Stay or leave?

By Phynnodderee

Not everyone who becomes disillusioned with the Christadelphian community decides to leave. I’d like to look at some of the reasons for staying and the reasons for going – and explain why leaving was the best decision I ever made.

Reasons for staying
There are several reasons why people might opt to stay in the community even after starting to have doubts or misgivings about the beliefs, the practices or the culture. Firstly, since many Christadelphians have relations far and wide throughout the community, family can be a very important consideration. The situation is especially sensitive when you have a Christadelphian spouse. Secondly, if you’re tempted to look for another church, there is the intimidating question “Where else would I go? Will I find another church that is both acceptable and accepting?”. Fear of the unknown or “Better the devil you know” can make it seem preferable to stay in the confines of a familiar environment, even if it’s making you unhappy. Thirdly, people who still basically hold Christadelphian beliefs but are dissatisfied with certain traditions or aspects of practice might choose to remain because they are happy enough to stay as long as they are tolerated (which might involve keeping quiet about certain things and avoiding controversial topics). Finally, and possibly least commonly, some people stay because they feel they have important work to do within the community and a desire to improve and reform it from within.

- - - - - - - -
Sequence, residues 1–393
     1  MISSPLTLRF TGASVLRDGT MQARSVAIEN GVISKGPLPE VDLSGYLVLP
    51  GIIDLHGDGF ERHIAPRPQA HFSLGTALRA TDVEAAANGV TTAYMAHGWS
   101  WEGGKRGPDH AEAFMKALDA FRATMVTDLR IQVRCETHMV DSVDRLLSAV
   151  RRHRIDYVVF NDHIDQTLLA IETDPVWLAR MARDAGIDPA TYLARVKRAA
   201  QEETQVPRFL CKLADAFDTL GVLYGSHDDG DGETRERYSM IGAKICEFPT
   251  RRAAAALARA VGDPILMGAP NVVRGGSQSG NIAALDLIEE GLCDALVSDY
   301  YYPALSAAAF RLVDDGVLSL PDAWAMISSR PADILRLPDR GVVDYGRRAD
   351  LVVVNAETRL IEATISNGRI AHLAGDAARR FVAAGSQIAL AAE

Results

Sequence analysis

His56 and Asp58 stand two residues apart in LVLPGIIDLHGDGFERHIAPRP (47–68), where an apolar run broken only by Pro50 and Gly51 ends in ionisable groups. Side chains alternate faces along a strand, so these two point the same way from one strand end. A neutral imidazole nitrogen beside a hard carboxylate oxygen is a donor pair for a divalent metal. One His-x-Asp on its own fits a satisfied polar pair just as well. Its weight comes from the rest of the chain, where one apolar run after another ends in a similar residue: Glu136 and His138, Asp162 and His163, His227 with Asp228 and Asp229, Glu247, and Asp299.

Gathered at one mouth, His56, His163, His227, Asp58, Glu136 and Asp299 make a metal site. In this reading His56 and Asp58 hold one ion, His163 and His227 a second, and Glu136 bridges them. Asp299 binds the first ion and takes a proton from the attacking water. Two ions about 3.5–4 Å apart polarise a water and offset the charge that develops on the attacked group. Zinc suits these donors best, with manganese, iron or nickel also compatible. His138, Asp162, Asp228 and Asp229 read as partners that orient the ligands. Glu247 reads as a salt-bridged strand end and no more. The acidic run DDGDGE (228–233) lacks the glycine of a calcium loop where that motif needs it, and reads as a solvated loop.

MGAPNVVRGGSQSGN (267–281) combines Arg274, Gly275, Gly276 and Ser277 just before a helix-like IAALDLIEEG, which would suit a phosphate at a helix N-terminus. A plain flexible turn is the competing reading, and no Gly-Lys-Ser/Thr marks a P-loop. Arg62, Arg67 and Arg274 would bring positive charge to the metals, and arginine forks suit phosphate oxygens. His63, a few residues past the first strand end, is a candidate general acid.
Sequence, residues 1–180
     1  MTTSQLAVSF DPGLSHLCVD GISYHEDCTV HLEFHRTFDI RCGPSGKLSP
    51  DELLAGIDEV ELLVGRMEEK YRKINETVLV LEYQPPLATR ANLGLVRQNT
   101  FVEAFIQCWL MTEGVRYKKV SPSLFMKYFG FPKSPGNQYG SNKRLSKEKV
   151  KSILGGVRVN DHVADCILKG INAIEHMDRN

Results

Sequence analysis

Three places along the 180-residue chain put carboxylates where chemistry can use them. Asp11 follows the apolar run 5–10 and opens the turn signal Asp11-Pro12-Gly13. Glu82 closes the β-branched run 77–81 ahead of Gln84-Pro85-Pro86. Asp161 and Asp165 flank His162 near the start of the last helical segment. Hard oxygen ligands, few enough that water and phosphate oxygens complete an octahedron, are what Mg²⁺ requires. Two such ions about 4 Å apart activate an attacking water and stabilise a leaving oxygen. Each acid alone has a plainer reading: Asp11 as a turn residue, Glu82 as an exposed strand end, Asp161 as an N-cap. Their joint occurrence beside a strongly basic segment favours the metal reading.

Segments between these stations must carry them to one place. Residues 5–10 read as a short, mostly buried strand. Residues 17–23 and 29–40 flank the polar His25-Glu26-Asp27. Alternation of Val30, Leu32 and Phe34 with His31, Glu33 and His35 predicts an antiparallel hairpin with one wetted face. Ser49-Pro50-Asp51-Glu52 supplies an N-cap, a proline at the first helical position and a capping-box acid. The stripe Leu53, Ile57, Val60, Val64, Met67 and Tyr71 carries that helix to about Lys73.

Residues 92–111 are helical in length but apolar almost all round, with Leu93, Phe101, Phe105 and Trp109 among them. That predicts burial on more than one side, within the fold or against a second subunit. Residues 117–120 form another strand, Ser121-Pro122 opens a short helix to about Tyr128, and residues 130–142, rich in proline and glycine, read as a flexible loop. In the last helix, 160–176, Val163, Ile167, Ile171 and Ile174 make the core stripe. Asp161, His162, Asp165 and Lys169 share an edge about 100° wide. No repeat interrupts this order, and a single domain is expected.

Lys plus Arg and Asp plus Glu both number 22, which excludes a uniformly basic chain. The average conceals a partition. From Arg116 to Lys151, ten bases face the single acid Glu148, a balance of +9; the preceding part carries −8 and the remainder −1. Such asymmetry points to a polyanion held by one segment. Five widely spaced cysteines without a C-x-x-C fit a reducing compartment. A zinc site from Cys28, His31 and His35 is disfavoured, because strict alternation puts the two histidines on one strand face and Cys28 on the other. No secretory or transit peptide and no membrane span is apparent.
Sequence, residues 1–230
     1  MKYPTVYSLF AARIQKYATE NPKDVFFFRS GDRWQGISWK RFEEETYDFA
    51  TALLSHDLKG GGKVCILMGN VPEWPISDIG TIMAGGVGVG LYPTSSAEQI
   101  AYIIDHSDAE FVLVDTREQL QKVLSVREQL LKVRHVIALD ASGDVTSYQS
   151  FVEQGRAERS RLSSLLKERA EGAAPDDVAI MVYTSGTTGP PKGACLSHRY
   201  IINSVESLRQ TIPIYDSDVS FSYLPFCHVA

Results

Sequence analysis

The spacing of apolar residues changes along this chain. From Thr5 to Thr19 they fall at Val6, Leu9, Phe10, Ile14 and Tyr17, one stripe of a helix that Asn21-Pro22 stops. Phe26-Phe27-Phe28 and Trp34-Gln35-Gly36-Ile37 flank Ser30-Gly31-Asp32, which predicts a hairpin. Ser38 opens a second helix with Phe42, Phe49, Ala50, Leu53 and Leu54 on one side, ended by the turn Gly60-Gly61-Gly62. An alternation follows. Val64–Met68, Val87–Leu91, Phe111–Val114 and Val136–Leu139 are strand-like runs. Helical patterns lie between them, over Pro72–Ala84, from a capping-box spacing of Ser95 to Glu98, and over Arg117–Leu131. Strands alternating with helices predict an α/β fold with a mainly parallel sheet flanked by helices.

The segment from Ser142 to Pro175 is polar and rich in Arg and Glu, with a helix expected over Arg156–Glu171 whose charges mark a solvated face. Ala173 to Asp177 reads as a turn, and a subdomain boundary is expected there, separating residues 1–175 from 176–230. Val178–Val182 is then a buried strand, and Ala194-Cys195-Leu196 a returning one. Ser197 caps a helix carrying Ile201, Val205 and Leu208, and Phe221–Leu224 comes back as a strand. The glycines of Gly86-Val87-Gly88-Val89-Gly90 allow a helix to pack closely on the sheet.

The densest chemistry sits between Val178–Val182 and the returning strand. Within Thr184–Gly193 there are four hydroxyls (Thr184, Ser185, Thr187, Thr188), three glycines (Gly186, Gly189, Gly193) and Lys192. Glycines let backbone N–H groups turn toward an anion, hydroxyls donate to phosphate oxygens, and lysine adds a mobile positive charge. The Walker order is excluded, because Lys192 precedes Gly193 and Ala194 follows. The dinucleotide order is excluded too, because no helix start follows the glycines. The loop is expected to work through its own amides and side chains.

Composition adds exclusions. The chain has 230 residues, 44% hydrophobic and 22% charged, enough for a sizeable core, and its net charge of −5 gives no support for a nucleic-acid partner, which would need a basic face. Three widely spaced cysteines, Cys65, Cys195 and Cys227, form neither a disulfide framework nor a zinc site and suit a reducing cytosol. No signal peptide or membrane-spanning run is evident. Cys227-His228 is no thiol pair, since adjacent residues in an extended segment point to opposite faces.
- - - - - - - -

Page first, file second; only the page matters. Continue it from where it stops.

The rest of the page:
I’m not here to tell anyone that their reasons are right or wrong. But having left the Christadelphians myself and dealt with the ensuing adjustment process, I know the benefits. Here are some of them.

Continuing to live as a Christadelphian while being unconvinced by any of it sets up a tension because you are aware of living as if you believed one thing, when you actually believe something different. Mahatma Gandhi is quoted as saying: “Happiness is when what you say, what you think, and what you do are in harmony.” This is what I would describe as ‘living authentically’. There is an immense dignity and self-respect to be found in living on your own terms and in accordance with your own principles – striking out on your own and doing what you know to be the right thing, even in the face of disapproval. It can be hard, but the rewards are amazing. Money can’t buy that sense of dignity. But courage can.